Understand your end-of-life care options

When you are facing a serious illness, it is important for you to understand your condition and your choices for care. Palliative care can offer you relief from symptoms and improve your ability to tolerate medical treatments. More than this, it can also assist you and your family to carry on with everyday life.

Page last updated: 04 September 2017

Palliative care is for people of any age who have a serious illness that cannot be cured. It assists people with any life-limiting illnesses such as cancer, motor neurone and end-stage kidney disease, to manage symptoms and improve their quality of life.

For some people, palliative care may be beneficial from the time of diagnosis with a serious life-limiting illness. Palliative care can be offered alongside other treatments.

Do you know what options are involved in end-of-life care?

Palliative care identifies and treats symptoms - physical, emotional, spiritual or social/psychosocial. Care is based on the individual’s needs and may include a variety of the following services:
  • Relief of pain and other symptoms
  • Resources such as equipment needed to aid care at home
  • Assistance for families to come together to talk about sensitive issues
  • Links to other services such as home help and financial support
  • Support for cultural needs and traditions
  • Support for emotional, social and spiritual concerns
  • Counselling and grief support
  • Referrals to respite care services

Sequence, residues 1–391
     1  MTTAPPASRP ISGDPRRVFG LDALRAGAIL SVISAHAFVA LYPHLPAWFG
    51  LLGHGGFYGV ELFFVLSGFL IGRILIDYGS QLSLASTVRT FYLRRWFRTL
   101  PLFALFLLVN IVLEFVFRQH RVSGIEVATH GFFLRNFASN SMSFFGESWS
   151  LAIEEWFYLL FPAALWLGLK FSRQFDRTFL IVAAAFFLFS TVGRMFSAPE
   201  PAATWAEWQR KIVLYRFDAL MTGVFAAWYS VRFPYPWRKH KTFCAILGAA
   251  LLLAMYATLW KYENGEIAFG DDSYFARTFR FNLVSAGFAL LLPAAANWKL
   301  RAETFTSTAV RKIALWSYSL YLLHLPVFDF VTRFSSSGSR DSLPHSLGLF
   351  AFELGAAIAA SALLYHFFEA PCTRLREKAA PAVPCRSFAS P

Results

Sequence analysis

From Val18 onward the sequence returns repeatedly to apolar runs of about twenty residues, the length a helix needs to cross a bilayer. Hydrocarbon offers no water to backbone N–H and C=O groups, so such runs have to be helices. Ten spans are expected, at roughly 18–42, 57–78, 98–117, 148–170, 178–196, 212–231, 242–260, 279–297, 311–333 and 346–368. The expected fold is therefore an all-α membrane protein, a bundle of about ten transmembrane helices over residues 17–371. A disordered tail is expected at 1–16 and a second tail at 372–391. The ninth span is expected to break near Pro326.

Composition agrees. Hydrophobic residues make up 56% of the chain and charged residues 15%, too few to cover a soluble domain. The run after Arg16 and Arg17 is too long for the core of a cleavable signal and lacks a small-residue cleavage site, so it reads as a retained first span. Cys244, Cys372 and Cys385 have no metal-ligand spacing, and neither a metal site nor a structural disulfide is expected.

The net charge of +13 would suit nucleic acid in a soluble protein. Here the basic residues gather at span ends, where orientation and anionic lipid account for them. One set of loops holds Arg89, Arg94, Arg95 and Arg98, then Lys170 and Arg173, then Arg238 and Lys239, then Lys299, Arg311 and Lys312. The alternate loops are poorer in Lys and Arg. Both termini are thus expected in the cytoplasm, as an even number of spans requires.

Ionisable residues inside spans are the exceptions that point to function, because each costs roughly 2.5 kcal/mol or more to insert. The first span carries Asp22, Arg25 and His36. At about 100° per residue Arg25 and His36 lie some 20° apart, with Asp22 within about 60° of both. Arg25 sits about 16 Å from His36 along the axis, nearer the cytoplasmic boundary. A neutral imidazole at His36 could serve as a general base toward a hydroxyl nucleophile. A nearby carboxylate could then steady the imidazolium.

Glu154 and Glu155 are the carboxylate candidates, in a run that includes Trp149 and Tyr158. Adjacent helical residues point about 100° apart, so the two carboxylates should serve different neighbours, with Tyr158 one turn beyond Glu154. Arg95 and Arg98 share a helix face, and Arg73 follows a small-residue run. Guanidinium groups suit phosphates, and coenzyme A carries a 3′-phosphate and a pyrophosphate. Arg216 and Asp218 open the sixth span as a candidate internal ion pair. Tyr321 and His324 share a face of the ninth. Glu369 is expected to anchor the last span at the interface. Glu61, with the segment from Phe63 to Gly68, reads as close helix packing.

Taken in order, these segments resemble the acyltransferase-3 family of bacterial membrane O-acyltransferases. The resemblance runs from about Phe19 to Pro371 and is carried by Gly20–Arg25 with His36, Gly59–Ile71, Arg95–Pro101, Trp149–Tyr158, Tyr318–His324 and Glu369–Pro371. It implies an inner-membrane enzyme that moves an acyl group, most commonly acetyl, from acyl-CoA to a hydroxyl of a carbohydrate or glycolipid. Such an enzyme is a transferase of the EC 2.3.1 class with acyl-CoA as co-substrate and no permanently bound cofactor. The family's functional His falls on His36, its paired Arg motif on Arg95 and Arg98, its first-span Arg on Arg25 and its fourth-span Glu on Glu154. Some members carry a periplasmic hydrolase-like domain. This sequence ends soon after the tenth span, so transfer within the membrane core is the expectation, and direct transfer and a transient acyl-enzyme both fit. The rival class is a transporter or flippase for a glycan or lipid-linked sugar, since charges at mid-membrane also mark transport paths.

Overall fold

Palliative care is a person-centred model of care. It can include practical and emotional support for the individual and their family, and for carers.

Palliative care involves many health professionals who all bring a range of skills to help you and your family manage your illness. These professions include, but are not limited to:
  • Doctors
  • Nurses
  • Social workers
  • Physiotherapists
  • Occupational and speech therapists
  • Psychologists
  • Trained volunteers

Palliative care in your home

Wherever possible, palliative care is provided in accordance with the individual’s preferences in consultation with their family and carers. This may include:
  • At home
  • In hospital
  • In a hospice
  • In a residential aged care facility
Many people prefer to die at home and making this possible often depends on several factors, including:
  • The nature of the illness and amount of care the person needs
  • How much support is available from the person’s family and community
  • Whether the person has someone at home who can provide physical care and support for them.

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